NAR­COS: MEX­ICO

Empire (UK) - - ON. SCREEN -

CRE­ATED BY Carlo Bernard, Doug Miro CAST Michael Peña, Diego Luna, Tenoch Huerta, Alyssa Diaz

PLOT In the early ’80s, as Pablo Es­co­bar’s Colom­bian co­caine op­er­a­tion is in full swing, an ex-cop (Luna) unites Mex­i­can crime fac­tions to form the big­gest mar­i­jua­nas­mug­gling car­tel in his­tory — un­til a DEA agent (Peña) and his team start clos­ing in.

WHEN WE TALK of ex­panded TV uni­verses, sto­ries tan­ta­lis­ingly sprin­kled with Easter eggs and the sat­is­fy­ing sen­sa­tion of sup­pos­edly sep­a­rate nar­ra­tive jigsaw pieces slot­ting to­gether, we tend to think of su­per­hero shows. But what if that same ethos were ap­plied to the world of a fact-based crime drama? That ap­pears to be the lightbulb ping that led to Nar­cos: Mex­ico: a hugely com­pul­sive, sort-of fourth se­ries of Net­flix’s Colom­bian car­tel jug­ger­naut which takes the form of a zoomed-out look at the birth of the sep­a­rate Mex­i­can nar­cotics trade.

That it is also an ex­am­ple of an in­no­va­tive so­lu­tion to one of the prob­lems of Peak TV (namely, a midrun on-ramp suit­able for both Nar­cos ob­ses­sives and those who haven’t yet got around to start­ing the main se­ries) only makes it dou­bly im­pres­sive. There’s even a canny nod to the fu­ture in the form of a young ver­sion of fu­ture crime boss ‘El Chapo’.

Ush­ered in by a typ­i­cally pulpy bit of voiceover (“[This story] doesn’t have a happy end­ing. In fact, it doesn’t have an end­ing at all”), we be­gin in early ’80s Mex­ico, where Félix Gal­lardo (Luna) — a Si­naloan state po­lice­man-turned-drug smug­gler — spies an op­por­tu­nity to ex­pand his fam­ily’s mar­i­juana op­er­a­tion to Guadala­jara. How­ever, just as Félix is show­cas­ing the depths of his vi­o­lent am­bi­tion, a tena­cious Mex­i­can-amer­i­can DEA op­er­a­tive called Kiki (Peña) is ar­riv­ing in the city as well, ready to take on both the lo­cal druglo­rds and law en­force­ment col­leagues ground down by a cor­rupt sys­tem.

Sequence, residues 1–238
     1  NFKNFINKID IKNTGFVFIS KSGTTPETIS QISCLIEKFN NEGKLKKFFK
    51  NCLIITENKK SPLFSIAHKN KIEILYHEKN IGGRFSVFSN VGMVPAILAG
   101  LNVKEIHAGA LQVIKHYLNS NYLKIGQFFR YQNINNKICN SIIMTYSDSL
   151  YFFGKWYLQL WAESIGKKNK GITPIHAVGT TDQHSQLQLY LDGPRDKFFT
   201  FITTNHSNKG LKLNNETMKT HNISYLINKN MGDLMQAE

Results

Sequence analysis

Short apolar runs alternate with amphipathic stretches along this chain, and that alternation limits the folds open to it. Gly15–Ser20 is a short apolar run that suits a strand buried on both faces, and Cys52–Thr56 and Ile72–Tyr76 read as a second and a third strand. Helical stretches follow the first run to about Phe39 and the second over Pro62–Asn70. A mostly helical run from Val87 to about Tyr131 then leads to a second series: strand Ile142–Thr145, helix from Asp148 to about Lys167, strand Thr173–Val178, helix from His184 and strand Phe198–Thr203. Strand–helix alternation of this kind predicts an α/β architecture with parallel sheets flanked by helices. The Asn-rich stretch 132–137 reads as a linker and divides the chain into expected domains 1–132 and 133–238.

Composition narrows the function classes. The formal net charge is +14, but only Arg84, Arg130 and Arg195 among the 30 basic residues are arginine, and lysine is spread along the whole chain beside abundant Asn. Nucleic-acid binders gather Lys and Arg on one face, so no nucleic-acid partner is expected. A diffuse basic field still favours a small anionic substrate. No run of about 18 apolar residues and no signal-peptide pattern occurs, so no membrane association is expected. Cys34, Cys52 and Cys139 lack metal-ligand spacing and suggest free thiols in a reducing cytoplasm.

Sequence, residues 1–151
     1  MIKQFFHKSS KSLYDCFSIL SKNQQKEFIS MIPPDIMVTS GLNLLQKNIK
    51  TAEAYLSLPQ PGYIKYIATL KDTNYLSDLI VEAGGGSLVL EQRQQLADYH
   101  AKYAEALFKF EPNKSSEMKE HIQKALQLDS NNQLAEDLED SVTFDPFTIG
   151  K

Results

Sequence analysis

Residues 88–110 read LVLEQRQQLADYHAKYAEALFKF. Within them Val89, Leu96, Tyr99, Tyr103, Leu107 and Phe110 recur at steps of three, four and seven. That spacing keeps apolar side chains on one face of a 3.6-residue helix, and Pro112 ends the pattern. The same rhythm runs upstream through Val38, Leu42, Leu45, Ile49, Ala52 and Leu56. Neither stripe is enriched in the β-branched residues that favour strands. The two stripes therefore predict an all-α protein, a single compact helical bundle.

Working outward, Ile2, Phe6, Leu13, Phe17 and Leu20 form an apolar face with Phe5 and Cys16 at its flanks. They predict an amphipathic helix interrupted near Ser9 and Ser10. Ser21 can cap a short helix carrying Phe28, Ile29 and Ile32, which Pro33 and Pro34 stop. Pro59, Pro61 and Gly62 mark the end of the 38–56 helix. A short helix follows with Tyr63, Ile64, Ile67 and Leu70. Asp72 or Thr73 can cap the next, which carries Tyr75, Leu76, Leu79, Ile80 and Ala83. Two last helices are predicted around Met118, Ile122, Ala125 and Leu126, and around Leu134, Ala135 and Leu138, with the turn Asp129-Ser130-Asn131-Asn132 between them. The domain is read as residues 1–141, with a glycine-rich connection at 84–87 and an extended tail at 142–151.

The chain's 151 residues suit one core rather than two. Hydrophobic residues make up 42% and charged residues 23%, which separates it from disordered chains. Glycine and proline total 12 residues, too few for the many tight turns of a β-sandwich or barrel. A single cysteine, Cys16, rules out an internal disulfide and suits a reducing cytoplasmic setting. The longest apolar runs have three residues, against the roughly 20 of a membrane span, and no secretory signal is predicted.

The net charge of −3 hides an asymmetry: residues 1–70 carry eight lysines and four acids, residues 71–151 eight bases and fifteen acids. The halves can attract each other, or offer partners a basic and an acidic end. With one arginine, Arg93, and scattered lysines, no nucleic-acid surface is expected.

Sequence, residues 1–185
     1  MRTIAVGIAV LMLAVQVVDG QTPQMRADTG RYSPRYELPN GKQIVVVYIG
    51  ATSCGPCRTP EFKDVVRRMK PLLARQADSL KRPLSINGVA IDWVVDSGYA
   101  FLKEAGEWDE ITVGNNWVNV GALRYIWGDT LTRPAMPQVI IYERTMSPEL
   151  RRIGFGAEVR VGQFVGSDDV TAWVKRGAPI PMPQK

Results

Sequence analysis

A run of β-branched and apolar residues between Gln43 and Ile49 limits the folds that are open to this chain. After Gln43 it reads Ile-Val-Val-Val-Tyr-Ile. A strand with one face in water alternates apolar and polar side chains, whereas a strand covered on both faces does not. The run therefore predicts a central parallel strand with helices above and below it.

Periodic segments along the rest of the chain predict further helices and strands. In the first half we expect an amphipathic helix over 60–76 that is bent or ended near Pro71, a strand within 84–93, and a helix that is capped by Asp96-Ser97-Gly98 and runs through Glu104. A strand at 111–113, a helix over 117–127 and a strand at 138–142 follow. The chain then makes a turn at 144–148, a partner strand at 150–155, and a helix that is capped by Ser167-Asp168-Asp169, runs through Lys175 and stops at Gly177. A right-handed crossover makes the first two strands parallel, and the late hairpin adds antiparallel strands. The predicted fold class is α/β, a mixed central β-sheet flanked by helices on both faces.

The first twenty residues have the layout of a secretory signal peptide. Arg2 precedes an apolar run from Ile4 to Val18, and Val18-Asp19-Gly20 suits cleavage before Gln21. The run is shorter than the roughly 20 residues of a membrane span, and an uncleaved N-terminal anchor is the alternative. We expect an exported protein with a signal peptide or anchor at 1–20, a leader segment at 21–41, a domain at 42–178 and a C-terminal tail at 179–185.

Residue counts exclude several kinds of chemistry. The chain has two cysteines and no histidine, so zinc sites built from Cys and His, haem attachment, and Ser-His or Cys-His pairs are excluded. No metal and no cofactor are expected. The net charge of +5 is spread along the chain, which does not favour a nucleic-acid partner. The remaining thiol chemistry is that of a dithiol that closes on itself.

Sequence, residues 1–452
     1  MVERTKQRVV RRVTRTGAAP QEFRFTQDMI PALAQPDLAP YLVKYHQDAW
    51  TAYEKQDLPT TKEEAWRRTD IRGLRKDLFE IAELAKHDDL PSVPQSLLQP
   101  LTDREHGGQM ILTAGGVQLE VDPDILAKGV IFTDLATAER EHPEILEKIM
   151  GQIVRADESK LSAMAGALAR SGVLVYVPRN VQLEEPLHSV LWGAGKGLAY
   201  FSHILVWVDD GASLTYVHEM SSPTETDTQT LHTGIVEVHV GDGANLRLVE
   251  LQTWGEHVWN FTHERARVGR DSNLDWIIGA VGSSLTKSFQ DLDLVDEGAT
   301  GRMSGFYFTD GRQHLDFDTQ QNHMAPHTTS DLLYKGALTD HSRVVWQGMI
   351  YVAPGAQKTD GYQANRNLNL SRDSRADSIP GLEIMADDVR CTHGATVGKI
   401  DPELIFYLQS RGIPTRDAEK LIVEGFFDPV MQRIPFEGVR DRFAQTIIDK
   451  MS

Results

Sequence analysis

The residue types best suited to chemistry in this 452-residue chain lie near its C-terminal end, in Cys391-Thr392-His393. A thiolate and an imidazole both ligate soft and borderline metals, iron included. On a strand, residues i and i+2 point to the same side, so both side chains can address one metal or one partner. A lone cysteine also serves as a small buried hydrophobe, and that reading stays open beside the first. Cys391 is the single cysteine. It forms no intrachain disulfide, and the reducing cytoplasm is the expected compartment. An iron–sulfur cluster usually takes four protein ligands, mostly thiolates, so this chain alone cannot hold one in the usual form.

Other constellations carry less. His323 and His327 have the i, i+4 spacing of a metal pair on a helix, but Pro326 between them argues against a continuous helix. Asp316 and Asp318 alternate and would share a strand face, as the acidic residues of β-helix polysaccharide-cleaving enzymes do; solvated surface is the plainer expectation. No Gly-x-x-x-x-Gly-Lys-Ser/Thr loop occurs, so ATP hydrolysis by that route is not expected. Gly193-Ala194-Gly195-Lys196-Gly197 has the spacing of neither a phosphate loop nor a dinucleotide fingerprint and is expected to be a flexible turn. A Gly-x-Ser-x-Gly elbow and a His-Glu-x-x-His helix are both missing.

This sets up a fairly stan­dard — and very bloody — game of cat-and-mouse be­tween Félix’s fledg­ling con­sor­tium and Kiki’s group of fed­eral agents. Cru­cially, though, it plays out with Nar­cos’ sig­na­ture mix of grim­ily au­then­tic lo­ca­tion shoot­ing (safety was ramped up after a scout for the show was trag­i­cally killed dur­ing pre-pro­duc­tion), hard­boiled ex­plana­tory di­a­logue and the sort of block­buster au­dac­ity that means you’re never more than ten min­utes away from some bru­tal act of vi­o­lent retri­bu­tion.

Yes, it is, at times, a big-bud­get game of gang­ster drama bingo (there are mul­ti­ple eye­brow-wag­gling ref­er­ences to The God­fa­ther and one scene in­volves a VHS screen­ing of Scar­face), char­ac­ter mo­ti­va­tions can be Ri­zla-thin and the women are mostly dec­o­ra­tive non-en­ti­ties. But the per­for­mances (par­tic­u­larly Luna’s icy, driven turn) el­e­vate it. And the in­evitable crossovers with the other ma­jor play­ers in the Nar­cos Ex­tended Uni­verse, when they come, are ut­terly ex­hil­a­rat­ing and dex­trously han­dled. JIMI FAMUREWA

VER­DICT One of the stream­ing age’s most purely en­ter­tain­ing shows gets a fas­ci­nat­ing re­set that bal­ances gang­land thrills, qui­eter con­tem­pla­tive mo­ments and an ir­re­sistible dose of fan ser­vice.

See kids, drugs arenõt fun.

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